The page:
North Korea Seen Moving Ballistic Missile to Coast

A North Korean soldier uses a pair of binoculars to look into South Korean territory on Thursday. The North was reported on Thursday to have moved a Musudan ballistic missile to its east coast (AP Photo/Yonhap News Agency).
A North Korean soldier uses a pair of binoculars to look into South Korean territory on Thursday. The North was reported on Thursday to have moved a Musudan ballistic missile to its east coast (AP Photo/Yonhap News Agency).

South Korea on Thursday said the North had deployed to its eastern shore a ballistic missile that while thought to be powerful is judged not capable of striking the United States, the New York Times reported.

In a statement to parliament, South Korean Defense Minister Kim Kwan-jin said the missile deployment was potentially "for demonstration or for training" and that it did not look to be the newer KN-08 missile. Citing unidentified military insiders, South Korean news organizations reported the missile was the intermediate-range Musudan. Despite its claims otherwise, North Korea is widely assessed to not possess a nuclear-armed ICBM.

It is not clear if the Musudan ballistic missile has ever been tested. The missile is believed to have a range of between 1,550 and 2,485 miles. Guam, where North Korea has repeatedly threatened to attack U.S. forces, is almost 2,200 miles away.

North Korea in recent weeks has taken its brinkmanship tactics to new heights -- threatening nuclear strikes on South Korea and the United States, declaring itself no longer bound by the 1953 Korean War armistice agreement, and announcing plans to dedicate all of its atomic facilities to nuclear weapons production. Still, a majority of experts do not think  Pyongyang actually plans to attack U.S. forces in the Asia-Pacific. 

The Wednesday announcement by the Defense Department that it would field the Terminal High-Altitude Area Defense system to Guam follows other moves by the U.S. military to enhance antiballistic missile capabilities in the region. Having the THAAD system in Guam will permit Aegis-equipped warships to be refielded in waters nearer to North Korea.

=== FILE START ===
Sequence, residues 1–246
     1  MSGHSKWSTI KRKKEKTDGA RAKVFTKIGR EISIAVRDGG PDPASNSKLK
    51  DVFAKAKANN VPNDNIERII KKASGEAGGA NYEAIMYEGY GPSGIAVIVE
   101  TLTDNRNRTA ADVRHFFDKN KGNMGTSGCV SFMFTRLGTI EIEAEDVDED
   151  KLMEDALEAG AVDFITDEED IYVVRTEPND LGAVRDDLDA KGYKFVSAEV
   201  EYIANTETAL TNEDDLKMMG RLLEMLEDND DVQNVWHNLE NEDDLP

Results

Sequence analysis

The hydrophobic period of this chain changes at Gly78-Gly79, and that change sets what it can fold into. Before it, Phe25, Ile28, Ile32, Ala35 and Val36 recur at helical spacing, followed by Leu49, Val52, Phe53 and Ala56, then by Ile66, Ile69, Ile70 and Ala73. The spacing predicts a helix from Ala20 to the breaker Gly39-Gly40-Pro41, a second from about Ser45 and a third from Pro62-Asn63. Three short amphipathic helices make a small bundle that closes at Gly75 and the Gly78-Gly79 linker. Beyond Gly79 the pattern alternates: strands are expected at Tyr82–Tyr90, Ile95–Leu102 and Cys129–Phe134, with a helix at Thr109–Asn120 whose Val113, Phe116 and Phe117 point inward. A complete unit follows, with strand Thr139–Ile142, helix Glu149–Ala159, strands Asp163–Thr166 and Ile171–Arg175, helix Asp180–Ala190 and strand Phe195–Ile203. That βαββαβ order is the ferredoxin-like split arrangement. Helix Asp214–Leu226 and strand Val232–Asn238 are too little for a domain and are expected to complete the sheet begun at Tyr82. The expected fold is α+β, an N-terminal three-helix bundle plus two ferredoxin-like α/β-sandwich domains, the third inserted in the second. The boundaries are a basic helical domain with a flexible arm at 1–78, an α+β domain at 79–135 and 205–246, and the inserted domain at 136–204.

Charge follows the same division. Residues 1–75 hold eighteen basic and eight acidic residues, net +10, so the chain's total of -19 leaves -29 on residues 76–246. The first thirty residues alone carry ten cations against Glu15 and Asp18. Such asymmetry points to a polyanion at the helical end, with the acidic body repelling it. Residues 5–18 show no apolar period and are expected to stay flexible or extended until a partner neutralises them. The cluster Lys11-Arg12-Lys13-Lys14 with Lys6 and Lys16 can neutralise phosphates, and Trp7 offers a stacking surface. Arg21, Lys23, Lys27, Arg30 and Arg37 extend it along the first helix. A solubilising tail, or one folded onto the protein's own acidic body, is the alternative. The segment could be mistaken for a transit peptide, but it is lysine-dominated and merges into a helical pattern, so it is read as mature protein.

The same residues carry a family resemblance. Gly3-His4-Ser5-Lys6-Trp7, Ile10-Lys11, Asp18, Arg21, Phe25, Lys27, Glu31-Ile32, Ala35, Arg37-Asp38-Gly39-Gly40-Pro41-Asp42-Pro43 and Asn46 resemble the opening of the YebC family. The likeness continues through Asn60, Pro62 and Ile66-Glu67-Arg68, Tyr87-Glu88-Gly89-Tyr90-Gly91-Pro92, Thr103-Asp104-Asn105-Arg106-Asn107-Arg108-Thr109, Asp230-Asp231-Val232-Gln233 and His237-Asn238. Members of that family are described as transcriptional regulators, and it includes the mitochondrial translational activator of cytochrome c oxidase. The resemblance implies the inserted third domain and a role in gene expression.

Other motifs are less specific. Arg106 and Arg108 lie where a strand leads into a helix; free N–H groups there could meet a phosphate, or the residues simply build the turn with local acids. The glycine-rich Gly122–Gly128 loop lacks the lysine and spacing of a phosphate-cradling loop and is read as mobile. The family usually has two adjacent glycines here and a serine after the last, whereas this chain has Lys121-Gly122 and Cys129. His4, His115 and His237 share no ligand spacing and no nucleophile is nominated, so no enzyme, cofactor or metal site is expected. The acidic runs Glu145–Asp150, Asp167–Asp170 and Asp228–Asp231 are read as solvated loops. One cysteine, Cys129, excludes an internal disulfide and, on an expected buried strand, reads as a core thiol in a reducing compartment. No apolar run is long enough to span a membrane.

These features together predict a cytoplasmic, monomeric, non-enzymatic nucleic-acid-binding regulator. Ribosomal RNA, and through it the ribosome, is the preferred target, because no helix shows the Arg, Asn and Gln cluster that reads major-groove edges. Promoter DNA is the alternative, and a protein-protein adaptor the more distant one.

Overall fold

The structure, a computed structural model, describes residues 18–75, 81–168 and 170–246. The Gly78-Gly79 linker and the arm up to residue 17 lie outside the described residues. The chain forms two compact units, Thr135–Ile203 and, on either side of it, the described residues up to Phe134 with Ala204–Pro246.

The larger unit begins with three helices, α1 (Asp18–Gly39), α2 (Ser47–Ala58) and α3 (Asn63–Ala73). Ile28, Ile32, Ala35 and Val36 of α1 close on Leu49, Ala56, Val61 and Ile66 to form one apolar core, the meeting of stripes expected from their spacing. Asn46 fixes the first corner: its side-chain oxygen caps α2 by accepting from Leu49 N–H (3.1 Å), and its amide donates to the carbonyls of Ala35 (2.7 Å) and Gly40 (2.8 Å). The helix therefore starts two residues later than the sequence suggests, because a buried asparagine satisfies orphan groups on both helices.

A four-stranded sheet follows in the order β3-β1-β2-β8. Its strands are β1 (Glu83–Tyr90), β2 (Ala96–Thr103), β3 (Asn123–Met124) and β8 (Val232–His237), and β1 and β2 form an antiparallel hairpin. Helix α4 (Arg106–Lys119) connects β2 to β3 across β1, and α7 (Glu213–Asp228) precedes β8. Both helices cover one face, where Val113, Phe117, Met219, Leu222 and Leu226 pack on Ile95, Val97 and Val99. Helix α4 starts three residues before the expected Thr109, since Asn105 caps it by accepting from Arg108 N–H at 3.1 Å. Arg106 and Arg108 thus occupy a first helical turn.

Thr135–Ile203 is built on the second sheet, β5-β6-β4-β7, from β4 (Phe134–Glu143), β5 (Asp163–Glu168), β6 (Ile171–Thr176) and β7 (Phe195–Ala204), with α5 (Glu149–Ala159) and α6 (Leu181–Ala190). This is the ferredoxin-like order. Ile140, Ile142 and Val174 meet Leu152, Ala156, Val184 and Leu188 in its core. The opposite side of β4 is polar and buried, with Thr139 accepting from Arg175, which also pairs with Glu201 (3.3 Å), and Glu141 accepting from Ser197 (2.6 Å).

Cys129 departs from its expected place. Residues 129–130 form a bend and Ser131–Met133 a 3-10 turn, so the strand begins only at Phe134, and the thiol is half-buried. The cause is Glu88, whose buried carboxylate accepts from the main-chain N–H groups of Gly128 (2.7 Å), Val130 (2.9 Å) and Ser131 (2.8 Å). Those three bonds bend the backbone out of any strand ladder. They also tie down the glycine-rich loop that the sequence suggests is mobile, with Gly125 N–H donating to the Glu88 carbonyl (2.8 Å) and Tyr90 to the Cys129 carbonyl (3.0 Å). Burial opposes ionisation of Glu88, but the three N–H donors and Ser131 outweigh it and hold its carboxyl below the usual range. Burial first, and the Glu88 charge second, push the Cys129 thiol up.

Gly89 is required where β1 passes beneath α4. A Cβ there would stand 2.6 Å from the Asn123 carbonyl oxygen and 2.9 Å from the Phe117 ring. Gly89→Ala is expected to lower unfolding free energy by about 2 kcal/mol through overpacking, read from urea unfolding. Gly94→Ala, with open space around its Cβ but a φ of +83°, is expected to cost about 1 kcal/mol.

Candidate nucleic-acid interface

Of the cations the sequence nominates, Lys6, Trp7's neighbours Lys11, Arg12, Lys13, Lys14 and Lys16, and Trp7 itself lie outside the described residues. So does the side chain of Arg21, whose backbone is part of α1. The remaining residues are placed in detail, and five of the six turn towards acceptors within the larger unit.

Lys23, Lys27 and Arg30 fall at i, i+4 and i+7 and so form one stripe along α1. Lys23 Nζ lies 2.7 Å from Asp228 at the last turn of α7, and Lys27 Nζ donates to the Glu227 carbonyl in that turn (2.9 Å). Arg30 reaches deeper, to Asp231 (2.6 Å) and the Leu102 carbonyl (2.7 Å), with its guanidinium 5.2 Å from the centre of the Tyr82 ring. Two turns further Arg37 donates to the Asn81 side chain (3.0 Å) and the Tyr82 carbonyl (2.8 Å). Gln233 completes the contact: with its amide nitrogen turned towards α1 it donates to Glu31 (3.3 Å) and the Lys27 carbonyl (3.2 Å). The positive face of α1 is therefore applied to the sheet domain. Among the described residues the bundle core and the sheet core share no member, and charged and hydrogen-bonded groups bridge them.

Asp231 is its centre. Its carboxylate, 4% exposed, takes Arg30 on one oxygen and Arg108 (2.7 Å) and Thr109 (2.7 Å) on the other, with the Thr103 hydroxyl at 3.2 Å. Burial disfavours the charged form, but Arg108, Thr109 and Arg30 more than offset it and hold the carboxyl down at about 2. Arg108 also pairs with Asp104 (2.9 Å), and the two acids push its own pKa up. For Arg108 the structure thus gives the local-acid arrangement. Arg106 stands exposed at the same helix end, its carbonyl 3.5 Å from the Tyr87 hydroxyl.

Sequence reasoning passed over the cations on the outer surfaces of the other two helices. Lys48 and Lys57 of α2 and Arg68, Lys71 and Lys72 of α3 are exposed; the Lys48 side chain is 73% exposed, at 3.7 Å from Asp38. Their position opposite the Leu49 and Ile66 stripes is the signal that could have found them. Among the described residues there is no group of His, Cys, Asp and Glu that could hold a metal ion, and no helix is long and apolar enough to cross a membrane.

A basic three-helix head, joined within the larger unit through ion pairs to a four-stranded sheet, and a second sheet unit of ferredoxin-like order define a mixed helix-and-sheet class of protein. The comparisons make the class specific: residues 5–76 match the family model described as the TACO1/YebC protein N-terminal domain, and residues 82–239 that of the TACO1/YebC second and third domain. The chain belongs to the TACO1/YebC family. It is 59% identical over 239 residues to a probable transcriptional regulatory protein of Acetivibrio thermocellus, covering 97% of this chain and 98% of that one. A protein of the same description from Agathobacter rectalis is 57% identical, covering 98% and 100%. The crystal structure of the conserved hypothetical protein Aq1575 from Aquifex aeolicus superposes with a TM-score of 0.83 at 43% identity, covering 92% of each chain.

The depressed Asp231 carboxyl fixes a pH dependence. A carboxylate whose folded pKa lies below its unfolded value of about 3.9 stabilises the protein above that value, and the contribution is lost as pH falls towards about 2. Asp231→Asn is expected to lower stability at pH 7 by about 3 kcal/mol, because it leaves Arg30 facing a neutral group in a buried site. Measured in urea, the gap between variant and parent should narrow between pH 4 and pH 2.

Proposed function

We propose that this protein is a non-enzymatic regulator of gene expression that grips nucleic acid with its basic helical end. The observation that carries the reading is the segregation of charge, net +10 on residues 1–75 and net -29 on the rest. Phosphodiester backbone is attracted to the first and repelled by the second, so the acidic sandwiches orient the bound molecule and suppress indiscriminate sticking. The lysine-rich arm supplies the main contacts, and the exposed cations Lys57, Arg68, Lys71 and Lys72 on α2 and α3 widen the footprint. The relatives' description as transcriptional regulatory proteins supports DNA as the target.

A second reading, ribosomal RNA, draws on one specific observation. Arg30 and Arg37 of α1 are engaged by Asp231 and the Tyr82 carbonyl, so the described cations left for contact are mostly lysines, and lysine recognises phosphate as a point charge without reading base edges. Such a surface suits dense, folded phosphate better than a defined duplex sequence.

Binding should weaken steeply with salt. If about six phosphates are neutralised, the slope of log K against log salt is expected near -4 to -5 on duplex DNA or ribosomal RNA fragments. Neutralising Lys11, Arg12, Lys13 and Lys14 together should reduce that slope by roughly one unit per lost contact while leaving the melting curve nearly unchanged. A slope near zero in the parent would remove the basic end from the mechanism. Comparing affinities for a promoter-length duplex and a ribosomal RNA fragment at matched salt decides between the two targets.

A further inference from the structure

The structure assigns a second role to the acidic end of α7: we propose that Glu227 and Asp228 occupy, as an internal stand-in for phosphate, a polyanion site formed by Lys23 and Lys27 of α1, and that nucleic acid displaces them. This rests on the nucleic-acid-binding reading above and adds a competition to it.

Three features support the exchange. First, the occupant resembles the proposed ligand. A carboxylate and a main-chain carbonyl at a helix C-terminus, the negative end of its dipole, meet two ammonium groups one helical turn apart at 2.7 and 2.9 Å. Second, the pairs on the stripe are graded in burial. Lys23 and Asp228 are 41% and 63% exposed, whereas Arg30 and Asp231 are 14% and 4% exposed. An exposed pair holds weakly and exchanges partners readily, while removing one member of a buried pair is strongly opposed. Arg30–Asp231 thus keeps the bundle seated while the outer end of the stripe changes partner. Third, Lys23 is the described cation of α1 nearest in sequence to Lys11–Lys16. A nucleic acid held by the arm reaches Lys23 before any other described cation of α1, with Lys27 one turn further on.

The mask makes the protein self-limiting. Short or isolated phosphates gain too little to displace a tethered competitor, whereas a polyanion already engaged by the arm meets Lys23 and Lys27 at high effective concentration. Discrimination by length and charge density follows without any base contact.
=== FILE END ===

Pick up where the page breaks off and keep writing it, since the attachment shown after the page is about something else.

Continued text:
"We want as many [missile defense] options as possible" for responding to any threatened North Korean missile test or attack, an anonymous high-ranking Obama official told the Times.

The North Korean People's Army's General Staff continued its bellicose rhetoric on Thursday, claiming it had been authorized to hit U.S. forces with "cutting edge smaller, lighter and diversified nuclear strike means."

"The moment of explosion is approaching fast," the General Staff said in a statement carried by official North Korean media. "The U.S. had better ponder over the prevailing grave situation." The Stalinist state is particularly incensed by the recent practice bombing sorties that U.S. nuclear-capable B-52 and B-2 bombers carried out over South Korea.

The website 38 North, which closely tracks developments in the isolated country, on Wednesday reported that satellite photographs taken in recent weeks reveal new building work around a disabled plutonium production reactor at the Yongbyon nuclear complex. The North proclaimed earlier this week that it would restart the reactor, which had been mothballed under a 2007 denuclearization agreement with the United States. 

The reactor could produce sufficient plutonium for one nuclear weapon each year, but issue specialists believe it would take months to resume operations and that any fissile material would not be ready for two to three years, the Associated Press reported.

The North's separate uranium enrichment plant at the Yongbyon complex, with 2,000 centrifuges, is only good for one to two weapons per year, according to Seoul National University atomic specialist Kune Suh. There are suspicions, though, that the North has secret enrichment plants in other locations.

Meanwhile, the United States is toning down its military show of force to North Korea against a background of worries that it might accidentally cause an armed escalation, Obama officials told the Wall Street Journal on Wednesday.

The Defense Department is holding off on carrying out more previously planned armed forces maneuvers. The recent flights of B-2 and B-52 bombers over South Korea and deployment of F-22 jets took place as part of the Pacific Command's new "playbook" for deterring North Korea and bolstering South Korean confidence in the U.S. nuclear umbrella.

"The concern was that we were heightening the prospect of misperceptions on the part of the North Koreans, and that that could lead to miscalculations," an anonymous high-ranking official said.

There are also indications Pyongyang is relaxing its war readiness on the homefront, the Journal separately reported. Troops that had been ordered into special tunnels on Monday began to go back to their military quarters, according to a North Korean government source whospoke with Rimjin-gang magazine.

April 4, 2013
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South Korea on Thursday said the North had deployed to its eastern shore a ballistic missile that while thought to be powerful is judged not capable of striking the United States, the New York Times reported.

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